After Fazleeva and Craigen’s naked stunts, locals scrambled to conduct cleansing rituals on the sacred tree and Mount Batur, apologizing to spirits in the area. And fearing that there will be more tourists getting naked at sacred sites, dozens of security cameras were promptly installed around Ulun Danu Beratan Temple, one of the island’s most popular tourist attractions. 

But besides uninformed (or in some cases, willfully ignorant) nudity, Bali also often bears witness to reckless behavior from foreigners. In 2020, a Russian influencer filmed himself riding a motorcycle straight into the sea, promptly sparking outrage among locals who found the act dangerous and disrespectful. Last year, while Bali was governed by a mask mandate to combat COVID-19, two YouTubers played a prank by having one of them walk into a local grocery store with a fake face mask drawn across her face, making a mockery of store employees who failed to spot the face paint.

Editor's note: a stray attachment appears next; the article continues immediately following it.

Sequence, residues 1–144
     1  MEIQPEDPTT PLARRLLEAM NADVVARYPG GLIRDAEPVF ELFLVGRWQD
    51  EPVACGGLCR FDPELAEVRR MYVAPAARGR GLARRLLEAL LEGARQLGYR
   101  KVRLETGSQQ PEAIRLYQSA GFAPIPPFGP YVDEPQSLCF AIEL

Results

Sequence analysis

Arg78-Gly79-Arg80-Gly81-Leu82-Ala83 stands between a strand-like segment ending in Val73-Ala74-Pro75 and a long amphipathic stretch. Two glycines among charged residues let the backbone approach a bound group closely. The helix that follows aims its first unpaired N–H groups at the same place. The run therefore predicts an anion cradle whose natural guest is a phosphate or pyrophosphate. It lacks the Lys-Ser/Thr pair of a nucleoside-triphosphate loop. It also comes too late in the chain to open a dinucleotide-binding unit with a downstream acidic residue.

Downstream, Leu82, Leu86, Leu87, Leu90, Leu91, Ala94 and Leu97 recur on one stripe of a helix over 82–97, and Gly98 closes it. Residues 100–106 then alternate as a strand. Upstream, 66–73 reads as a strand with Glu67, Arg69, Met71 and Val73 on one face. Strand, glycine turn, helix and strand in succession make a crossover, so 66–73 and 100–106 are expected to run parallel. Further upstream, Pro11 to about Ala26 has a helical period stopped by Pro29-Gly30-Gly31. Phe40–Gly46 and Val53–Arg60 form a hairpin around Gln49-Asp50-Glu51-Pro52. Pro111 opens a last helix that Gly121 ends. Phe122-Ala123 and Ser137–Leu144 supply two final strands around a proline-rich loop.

Kuckreja thinks these acts involve an element of colonialism. “It’s more of a colonial mentality that you can go and enjoy yourself in Asia, the police are just corrupt so you can do whatever you want to do,” he said.

Amid a series of headlines spotlighting badly behaving tourists, some locals are frankly sick of it. Balinese entrepreneur Niluh Djelantik, who locals endearingly nicknamed “Madam Deportation,” has been vocal about calling out unacceptable tourist behaviors.

“So this is the reason why I’m being so hard on them, just to let them know if you cannot do it in your own country, then don’t do it in our country. As simple as that.”